Hi, my name is Erin and I'm a recovering perfectionist. My athletic journey has been a key part of my "recovery" as it teaches me lessons that have finally begun to sink in and shape how I face each day, not just my workouts. I will write this post in sections, beginning today with how my fit life came to be. I bet you'll get a kick out of it.
And by the time I didn't have to choose gym class as an option, I was more than happy to find another class to fill its gap. We weren't taught about progress, we were expected to perform perfectly - naturally. I felt awkward and out of place. But, as I entered adulthood a new spark of interest was ignited and I felt a desire to be active and fit. Unfortunately, I took an all or nothing approach with me to my first aerobics class at University, busting a move until I was hunched over in cramps. I expected that I'd just be fit. I'd go to aerobics and that'd be that. I continued my bursts of activity followed by longer periods of inactivity all through University when I had decided, upon arriving in a new city in my first teaching position, that I'd become a runner. I tied up my cross trainers and bolted out the door - and guess what happened? I walked home defeated, clutching my cramped up sides and feeling rather nauseous.
Perfection, not progress. Get it right from the get-go, or don't bother.
A number of years later, in another new community, a big career shift and now a husband by my side, I made another attempt at entertaining this fitness bug, yet again. I had been working out at home for years, using videos for all sorts of things (dance, Tae-Bo, aerobics, yoga, etc), trying to motivate myself to be consistently active. And then along came the Wii Fit. I have to laugh now when I realize that a video gaming system was what finally got the ball seriously rolling for me. True story. I'd select a workout and sweat in the comfort of my basement, working hard to make my avatar do whatever the Wii told Mii I needed to do! And the big lightbulb revelation of progress over perfection came when I had to run around a "track" in these workouts. The game forced me to pace myself and I was finally succeeding at running. I wasn't being rewarded for running as fast as I could. Sure, I was running in one place in front of a large screen, looking at a cartoon digital version of myself but the silly Wii approached fitness in a way that I had not previously encountered. Hilarious, but revolutionary.
I had also been walking outdoors and making that time for myself was huge. I found myself wanting to test my indoor Wii running skills in the "real" world. I realized that I had never paced myself and felt like if I could keep myself in check, like the Wii did with my avatar, maybe I could finally become a runner. It was at that point that I asked my friend Jess to teach me to run. She nearly fell over (as she has known me for many years: I had long professed that running was stupid and pointless and I've never do it based on my previous experiences.) But after she picked her chin up off the ground she told me that we'd start the next day. She arrived at my house with a couch to 10K program and I was petrified. How, on Earth, would I ever run 10 kilometres? Would I fail, yet again? Could I handle this failure? But, now I was in a world of progress not perfection. She was often telling me to slow down (not because I'm a fast runner, but because I was pushing too hard out of the gate) and that pacing is what brought me from a lifetime of athletic bursts and inconsistency into a consistent lifestyle of fitness.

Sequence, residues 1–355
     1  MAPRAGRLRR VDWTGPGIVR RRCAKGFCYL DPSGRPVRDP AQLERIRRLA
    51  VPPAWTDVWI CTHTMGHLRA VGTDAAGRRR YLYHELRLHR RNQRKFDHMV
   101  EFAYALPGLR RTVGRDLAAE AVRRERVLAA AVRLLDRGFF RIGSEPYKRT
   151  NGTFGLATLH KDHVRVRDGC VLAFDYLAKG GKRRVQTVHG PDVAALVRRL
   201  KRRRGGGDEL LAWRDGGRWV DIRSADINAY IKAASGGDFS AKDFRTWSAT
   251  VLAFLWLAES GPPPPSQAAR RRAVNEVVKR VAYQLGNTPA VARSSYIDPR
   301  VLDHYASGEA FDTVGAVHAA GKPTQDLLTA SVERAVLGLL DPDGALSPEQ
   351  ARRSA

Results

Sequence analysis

It is good for me to look back and remember where I started because, as much as I desired it, my previous experiences told me I'd never be able to do it. With this program I ran 1 minute and walked 1. I ran 2 minutes and wanted to lie down - seriously. And now, I've ran 2 half marathons, numerous other 8k's, 10k's, 5k's, 2 mini-tri's, a sprint triathlon, 2 obstacle races and continue to run for fun and fitness, setting new goals as desired. I am not the fastest (and I admit I find myself feeling self-conscious when I see my name far down the list of runners in a race), but I choose to be pleased with my times because I know how far I've come and how hard I've worked to get to a place where I could run 1 kilometre let alone 21 in an organized race with other runners. There's a lot of fear that has to be conquered and perhaps only those who aren't naturally skilled athletes can truly understand. With every new goal set and challenge I enter, a tremendous internal battle begins. I have to fight to embrace progress over perfection, being content in where I am and setting goals that make sense for me. I cannot compare myself to anyone else (but it's tough, especially in races/competitions).
Last year I created an art piece for the community gallery's "About Sports" exhibit entitled, "You vs. You: The Sport of Fitness". I have realized that, for me; for my life and my goals, I only have myself to compete with. I push myself to improve because I want to, not because of any standard I feel I have to achieve. And the more I embrace this way of thinking in my athletic endeavours, the more it begins to take shape in the rest of my life... stay tuned for part two. : )